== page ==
Rx for Firearms Freedom,
Firearms Research Data

By Dr Robert B. Young, MD. DRGO, September 29, 2020

[Ed: This is the second of the talks that the DRGO leadership team gave September 20 online for the Second Amendment Foundation's 35th annual Gun Rights Policy Conference. In my talk below, I added a couple of things for which there was not enough time on video, as well as the pertinent references. See each of our talks on the DRGO YouTube channel or at 2:17:23 here. The entire schedule of talks is here, divided into 4 parts on the SAF channel.]

Evaluating so-called "public health research" on guns is our primary task. Typical career anti-gun academics work from unstated prejudice that guns are bad and so reducing gun ownership is desirable. They pick and choose their data, emphasizing factors that tend their way rather than objectively examining changes over time. Their statistical analyses are skewed toward methods that support their preferred outcome, that guns are responsible for violence. As a result, they make a lot of mistakes but keep getting a pass for them.

For example: https://drgo.us/and-the-beat-goes-on/ (CDC through Wintemute below)

In January, the CDC claimed that "school homicides" "skyrocketed" from 2009 to 2018. They implied that these represent the "mass school shootings" we all fear, but they included any shooting death on or even near a school property. This exaggeration netted 21 events per year. But by the FBI's standard "mass shooting" definition, there were just 30 episodes in schools with 90 total victims during all 10 years—3 per year, 3 victims each on average. https://www.cdc.gov/mmwr/volumes/68/wr/mm6803a1.htm?s_cid=mm6803a1_w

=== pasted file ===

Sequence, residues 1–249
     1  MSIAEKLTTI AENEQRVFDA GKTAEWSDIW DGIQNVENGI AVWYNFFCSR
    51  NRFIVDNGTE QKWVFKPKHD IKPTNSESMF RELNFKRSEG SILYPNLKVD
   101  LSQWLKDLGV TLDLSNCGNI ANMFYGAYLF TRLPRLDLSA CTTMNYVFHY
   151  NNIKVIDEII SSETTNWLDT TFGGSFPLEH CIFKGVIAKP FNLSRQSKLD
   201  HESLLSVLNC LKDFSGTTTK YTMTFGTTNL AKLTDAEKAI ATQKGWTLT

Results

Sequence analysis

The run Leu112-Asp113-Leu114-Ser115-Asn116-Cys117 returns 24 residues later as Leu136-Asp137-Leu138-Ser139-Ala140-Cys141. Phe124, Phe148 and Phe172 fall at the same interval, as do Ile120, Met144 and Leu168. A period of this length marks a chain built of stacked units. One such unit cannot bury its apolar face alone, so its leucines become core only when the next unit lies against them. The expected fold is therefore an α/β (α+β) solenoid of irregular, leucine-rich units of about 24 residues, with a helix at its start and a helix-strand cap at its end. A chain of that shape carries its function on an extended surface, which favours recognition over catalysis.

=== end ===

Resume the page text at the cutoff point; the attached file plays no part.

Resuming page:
In February, Pediatrics asserted that increased handgun ownership over 3 decades caused increased child deaths by gunshot—"skyrocketing" during the 3rd decade in 1 to 4 year-olds from .36 to .64 per 100,000. There were 80 such deaths in 2017; if this held, the baseline would be 46, but that difference is just too small in our population to infer a meaningful trend. The truth: they cherry-picked their study years—these deaths have been declining consistently for decades. https://pediatrics.aappublications.org/content/143/2/e20181171

Once in a blue moon, a well-designed study has unexpected results, such as work in February on California's highly restrictive state background checks from 1991 through 2005. The authors had to acknowledge that these checks made NO difference in the incidence of gun-related homicide or suicide rates.
https://www.sciencedirect.com/science/article/abs/pii/S1047279718306161 .....

"Science is supposed to be clear, logical and objective. Unfortunately, it is as messy and ego-driven as any other human endeavor. Even though these studies really show that neither civilian gun ownership nor gun laws have anything to do with rates of suicide, homicide, mass shootings or other violence, these researchers misstate their own results and cannot give up their bias against guns."


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